International Disability Statistics

According to the World Health Organization (WHO), 15% of the people in the world have some sort of disability—that’s nearly a billion people worldwide. This includes 720 million adults and 93 million children. In the U.S., it is estimated that 1 in 4 Americans has some sort of disability. Almost everyone will have some type of disability during their lifetime. People with disabilities are considered the world’s largest minority. With population growth, longer lifespans and medical advances, this figure will continue to grow in the future. 80% of people with disabilities live in developing countries, and the World Bank estimates that as many as 20% of people in developing countries have a disability. Also from the World Bank, mortality for children with disabilities may be as high as 80% where infant mortality for children under the age of five has decreased under 20%. In 2004, a study was done in the U.S. which found that only 35% of people with disabilities were employed, compared with 78% without disabilities. Two thirds of the disabled individuals surveyed said that they would like to work but could not find jobs.

Many disabilities are acquired later in life, largely due to war. For every one child killed in a war, there are three who are permanently disabled. According to the WHO, in some countries up to 25% of disabilities are a result of injuries or violence. Furthermore, people with disabilities—particularly women and children—are more prone to being victims of violence than the general population.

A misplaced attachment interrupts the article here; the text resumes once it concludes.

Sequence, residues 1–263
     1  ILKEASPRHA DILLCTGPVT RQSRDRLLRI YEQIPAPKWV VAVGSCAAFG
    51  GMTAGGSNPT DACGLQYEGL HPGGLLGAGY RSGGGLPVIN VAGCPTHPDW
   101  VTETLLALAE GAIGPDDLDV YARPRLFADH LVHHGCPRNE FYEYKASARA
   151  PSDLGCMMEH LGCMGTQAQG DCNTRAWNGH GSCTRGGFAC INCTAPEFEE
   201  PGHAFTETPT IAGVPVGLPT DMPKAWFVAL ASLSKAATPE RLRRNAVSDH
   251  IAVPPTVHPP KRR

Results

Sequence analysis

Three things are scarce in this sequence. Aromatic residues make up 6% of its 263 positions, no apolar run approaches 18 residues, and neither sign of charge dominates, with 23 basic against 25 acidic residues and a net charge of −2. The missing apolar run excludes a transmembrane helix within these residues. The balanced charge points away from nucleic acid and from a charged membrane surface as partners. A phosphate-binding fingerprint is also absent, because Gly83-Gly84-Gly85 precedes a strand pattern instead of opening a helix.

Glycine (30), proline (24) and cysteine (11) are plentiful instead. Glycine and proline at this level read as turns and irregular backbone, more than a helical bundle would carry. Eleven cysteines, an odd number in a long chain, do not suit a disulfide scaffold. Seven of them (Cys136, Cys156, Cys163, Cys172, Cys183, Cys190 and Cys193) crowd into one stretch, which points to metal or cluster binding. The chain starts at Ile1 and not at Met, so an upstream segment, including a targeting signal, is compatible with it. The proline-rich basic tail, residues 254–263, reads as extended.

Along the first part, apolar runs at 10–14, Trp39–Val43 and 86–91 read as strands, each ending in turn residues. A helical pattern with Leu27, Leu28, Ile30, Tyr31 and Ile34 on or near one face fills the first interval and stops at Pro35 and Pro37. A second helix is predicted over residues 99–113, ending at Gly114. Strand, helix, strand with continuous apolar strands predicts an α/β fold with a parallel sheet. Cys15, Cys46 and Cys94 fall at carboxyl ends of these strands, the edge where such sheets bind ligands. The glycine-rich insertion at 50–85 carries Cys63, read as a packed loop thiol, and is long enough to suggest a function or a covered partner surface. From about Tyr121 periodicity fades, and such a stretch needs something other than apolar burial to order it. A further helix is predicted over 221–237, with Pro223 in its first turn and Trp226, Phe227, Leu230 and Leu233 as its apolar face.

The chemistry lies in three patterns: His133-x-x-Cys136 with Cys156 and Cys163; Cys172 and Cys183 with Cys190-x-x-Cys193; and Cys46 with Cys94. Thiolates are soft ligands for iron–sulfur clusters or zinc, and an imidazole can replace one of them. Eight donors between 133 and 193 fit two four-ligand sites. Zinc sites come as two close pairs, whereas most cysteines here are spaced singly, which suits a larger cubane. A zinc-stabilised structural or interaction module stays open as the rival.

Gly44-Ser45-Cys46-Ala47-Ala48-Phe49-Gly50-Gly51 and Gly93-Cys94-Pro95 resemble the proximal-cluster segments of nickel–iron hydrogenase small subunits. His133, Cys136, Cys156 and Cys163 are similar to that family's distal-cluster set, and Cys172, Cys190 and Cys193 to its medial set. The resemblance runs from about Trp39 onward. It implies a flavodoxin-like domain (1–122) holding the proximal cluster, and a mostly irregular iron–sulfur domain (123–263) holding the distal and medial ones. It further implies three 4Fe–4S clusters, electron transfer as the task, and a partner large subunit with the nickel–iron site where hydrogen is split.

The challenges facing people with disabilities worldwide is a very profound one, particularly in light of the aftereffects of COVID-19. With nearly one billion people affected by some type of disability worldwide, the issues of accessibility, social inclusion, employment, and access to health care will be critical ones in the years ahead as we move farther out of the pandemic. The key to overcoming many of these barriers is awareness in the general population of how endemic these challenges are. Just because a person isn’t disabled now, does not mean that they will not face a life-debilitating disability in the future. With people living longer, the number of people with disabilities is expected to grow. With that growth, the number of challenges is expected to grow as well. At the San Jose Public Library, we hope that by bringing more awareness to individuals with disabilities, we are doing our part to make the world a more inclusive place.

Books about People with Disabilities Worldwide

The Disability Experience: Working Towards Belonging, book cover
In the running with Ntando Mohlangu, book cover
Stand Strong, You Can Overcome Bullying, book cover
Emmanuel’s Dream: the True Story of Emmanuel Ofosu Yeboah, book cover
Nujeen: One Girl’s Incredible Journey From War-Torn Syria in a Wheelchair, book cover